Wednesday, November 9, 2011


Nearly sixty years ago, a romantic ballad, with words penned by Haven Gillespie and music by Beasley Smith rose to the top of the day’s charts, with such voices as those of Frank Sinatra, Mel Torme, Peggy Lee and Phil Harris flowing from juke boxes everywhere. “The old master painter from the faraway hills” they crooned; “painted the violets and the daffodils. He put the purple in the twilight haze, then did a rainbow for the rainy days . . .”
            Each Fall as I cruise the highways and back roads – especially the back roads – of North America, I often find myself soundlessly humming that tune, for at no time is the handiwork of “the old master painter” so vividly on display. From the oak forests of my birthplace in the Mid-Atlantic states, through the opulent hardwood-thatched hillsides of my growing-up years in New England, to the aspen-speckled grandeur of my adopted home in the Rocky Mountain west, I have welcomed with open heart and soaring mind the sheer magnificence of that season we call Autumn.  
            In parts of the country, legions of “leaf peepers” take to the field bringing more than a billion dollars of welcome income to a dozen states whose coffers ring with a salutary jingle every September and October. What makes their eyes do a double-take and their camera shutters chatter is actually a chemical-driven transformation taking place on a grand scale, as the production of chlorophyll which makes the leaves of deciduous trees green in the first place slows, and finally ceases.
            It is a combination of warm temperatures, sunlight and plentiful supplies of carbon dioxide which nurtures the growth of chlorophyll atoms in tree leaves in the northern hemisphere beginning with spring and extending through the friendly days of high summer. As fall approaches though and the hours of sunlight decline, less chlorophyll is available and other chemical pigments in the foliage which have been cloaked from prominence begin to assert themselves, with carotene bringing out the golds and yellows and anthocyanins the reds and scarlets. As the production of natural sugars slows with cooler temperatures, a dry corky substance develops where leaves are joined with branches and stems, further cutting off the flow of sap, eventually leading to defoliation aided by wind, frost and stormy weather.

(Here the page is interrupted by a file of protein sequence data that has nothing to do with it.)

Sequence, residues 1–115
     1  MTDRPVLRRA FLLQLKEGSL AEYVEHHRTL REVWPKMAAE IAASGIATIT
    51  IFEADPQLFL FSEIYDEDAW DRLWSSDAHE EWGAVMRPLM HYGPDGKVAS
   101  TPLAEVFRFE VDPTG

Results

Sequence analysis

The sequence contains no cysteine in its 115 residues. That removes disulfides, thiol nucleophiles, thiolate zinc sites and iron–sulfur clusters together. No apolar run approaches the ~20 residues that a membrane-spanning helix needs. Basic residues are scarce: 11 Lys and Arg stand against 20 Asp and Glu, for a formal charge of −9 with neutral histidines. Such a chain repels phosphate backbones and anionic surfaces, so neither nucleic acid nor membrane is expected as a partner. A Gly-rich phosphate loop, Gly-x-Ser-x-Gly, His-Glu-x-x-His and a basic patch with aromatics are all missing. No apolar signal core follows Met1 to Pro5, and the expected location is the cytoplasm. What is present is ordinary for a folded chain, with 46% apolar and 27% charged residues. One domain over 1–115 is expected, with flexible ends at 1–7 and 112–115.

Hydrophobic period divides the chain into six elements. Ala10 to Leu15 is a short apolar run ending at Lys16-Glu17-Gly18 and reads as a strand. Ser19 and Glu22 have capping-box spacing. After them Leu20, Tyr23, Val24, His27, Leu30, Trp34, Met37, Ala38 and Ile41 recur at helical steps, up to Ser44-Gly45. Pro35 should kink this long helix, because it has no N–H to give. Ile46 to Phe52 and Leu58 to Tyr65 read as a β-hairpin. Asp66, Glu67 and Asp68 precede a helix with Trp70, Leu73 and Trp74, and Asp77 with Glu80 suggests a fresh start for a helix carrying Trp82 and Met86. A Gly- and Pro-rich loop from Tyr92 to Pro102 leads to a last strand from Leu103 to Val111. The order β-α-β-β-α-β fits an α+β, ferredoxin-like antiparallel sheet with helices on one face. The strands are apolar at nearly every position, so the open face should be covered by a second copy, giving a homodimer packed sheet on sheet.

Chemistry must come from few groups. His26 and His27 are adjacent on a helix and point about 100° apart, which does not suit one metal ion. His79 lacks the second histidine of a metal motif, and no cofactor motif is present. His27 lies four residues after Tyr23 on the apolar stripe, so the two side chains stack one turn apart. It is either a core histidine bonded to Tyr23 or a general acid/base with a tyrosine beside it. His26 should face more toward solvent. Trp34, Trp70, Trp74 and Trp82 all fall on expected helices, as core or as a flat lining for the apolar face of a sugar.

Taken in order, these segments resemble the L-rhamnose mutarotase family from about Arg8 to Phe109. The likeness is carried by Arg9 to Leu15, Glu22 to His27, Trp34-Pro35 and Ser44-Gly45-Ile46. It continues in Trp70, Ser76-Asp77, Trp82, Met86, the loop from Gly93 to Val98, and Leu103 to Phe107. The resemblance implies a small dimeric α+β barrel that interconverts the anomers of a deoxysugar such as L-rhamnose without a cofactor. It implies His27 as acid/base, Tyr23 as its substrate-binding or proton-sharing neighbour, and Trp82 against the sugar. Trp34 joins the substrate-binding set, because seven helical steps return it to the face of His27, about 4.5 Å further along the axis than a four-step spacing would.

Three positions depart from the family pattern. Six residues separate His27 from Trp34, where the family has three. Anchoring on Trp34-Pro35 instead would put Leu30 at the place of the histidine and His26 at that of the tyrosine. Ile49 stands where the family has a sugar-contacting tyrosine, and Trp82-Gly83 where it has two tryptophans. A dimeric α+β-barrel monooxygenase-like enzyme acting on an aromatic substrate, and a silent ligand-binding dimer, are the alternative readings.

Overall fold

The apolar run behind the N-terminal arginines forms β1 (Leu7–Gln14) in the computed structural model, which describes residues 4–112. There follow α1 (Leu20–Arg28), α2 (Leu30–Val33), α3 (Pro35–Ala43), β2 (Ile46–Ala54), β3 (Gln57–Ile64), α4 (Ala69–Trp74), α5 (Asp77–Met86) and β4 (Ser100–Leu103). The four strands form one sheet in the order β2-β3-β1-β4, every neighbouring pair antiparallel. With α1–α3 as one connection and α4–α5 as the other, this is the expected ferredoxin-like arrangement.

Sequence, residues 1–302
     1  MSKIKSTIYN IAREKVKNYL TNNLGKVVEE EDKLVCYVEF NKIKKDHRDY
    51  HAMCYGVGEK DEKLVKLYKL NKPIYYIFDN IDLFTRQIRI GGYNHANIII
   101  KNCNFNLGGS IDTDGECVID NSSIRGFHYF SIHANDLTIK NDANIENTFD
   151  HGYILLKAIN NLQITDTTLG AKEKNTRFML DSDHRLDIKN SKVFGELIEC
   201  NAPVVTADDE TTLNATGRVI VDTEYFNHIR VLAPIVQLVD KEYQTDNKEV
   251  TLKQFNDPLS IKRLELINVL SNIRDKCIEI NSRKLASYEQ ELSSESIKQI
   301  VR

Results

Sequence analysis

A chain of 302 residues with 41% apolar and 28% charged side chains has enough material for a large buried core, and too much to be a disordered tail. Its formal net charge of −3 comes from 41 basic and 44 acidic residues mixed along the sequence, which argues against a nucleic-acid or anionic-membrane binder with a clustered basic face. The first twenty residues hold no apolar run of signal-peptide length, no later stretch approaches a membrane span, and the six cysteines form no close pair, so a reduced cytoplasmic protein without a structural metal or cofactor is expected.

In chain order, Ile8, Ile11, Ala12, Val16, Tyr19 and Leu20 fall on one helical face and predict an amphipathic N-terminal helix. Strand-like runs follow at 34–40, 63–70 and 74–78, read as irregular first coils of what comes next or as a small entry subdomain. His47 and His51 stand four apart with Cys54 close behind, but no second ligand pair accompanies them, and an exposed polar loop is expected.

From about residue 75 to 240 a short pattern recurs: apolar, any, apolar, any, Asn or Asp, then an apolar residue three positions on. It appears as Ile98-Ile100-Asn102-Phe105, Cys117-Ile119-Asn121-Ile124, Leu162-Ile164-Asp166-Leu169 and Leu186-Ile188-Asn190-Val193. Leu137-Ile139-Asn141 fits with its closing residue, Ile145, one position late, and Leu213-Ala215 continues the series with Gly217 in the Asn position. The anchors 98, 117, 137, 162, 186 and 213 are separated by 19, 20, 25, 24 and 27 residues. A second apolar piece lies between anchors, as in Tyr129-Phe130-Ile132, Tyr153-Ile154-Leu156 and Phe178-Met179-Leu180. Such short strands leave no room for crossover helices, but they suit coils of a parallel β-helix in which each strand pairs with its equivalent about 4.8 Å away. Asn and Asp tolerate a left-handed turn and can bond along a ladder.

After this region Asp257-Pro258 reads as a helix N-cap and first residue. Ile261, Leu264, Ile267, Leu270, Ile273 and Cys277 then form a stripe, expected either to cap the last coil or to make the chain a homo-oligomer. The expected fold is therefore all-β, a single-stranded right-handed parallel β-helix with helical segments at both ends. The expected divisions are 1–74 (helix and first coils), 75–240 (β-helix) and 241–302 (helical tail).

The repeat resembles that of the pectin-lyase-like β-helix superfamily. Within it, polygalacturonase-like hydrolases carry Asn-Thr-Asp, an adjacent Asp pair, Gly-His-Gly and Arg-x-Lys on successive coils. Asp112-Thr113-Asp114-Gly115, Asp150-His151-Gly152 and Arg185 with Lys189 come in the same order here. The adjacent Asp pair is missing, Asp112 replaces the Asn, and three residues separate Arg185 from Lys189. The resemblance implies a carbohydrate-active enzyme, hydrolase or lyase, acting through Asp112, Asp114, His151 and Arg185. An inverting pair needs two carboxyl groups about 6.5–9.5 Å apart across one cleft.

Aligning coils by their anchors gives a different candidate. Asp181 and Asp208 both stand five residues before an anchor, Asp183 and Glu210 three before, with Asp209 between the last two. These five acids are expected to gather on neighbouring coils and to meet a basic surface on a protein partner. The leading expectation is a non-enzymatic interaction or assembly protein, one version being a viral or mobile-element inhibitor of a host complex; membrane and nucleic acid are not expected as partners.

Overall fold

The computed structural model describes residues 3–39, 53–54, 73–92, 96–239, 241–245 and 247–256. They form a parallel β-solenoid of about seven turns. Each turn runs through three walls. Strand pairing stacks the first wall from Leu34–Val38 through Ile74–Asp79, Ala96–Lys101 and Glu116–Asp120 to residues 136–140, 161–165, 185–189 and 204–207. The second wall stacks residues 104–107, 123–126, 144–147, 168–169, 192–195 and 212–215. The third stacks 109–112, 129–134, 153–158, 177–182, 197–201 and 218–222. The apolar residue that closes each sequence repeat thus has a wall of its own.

Even without a knowledge of the scientific phenomena behind it all, enjoying the magnificent transformation we call Autumn has the power to fill one’s soul with an ineffable appreciation of the handiwork of the Old Master Painter.

 Back-lighted oak leaves show off the intricacies of veins and membranes designed to convert stored energy into sugars and starches and transport them as life blood throughout each leaf.  Some scientists believe that the chemicals which produce the deep red color seen here might actually play a role in discouraging certain insect predators or even competing plant life.

Frost-covered orchard grass and  fallen maple leaves highlighted an early morning stroll by the author in the early days of a Vermont autumn.

 A kaleidoscope of colors march across a New England hillside as the reds and golds of maples alternate with the yellows of birch, poplar and ash, against the ever-present backdrop of deep-green conifers. Since this color change moves southward at a rate of 20-25 miles per day, one could start a “foliage vacation” in the Laurentians of eastern Canada, and end up 30 days later in the hill country of the Carolinas and Georgia.

All photos by Al Cooper

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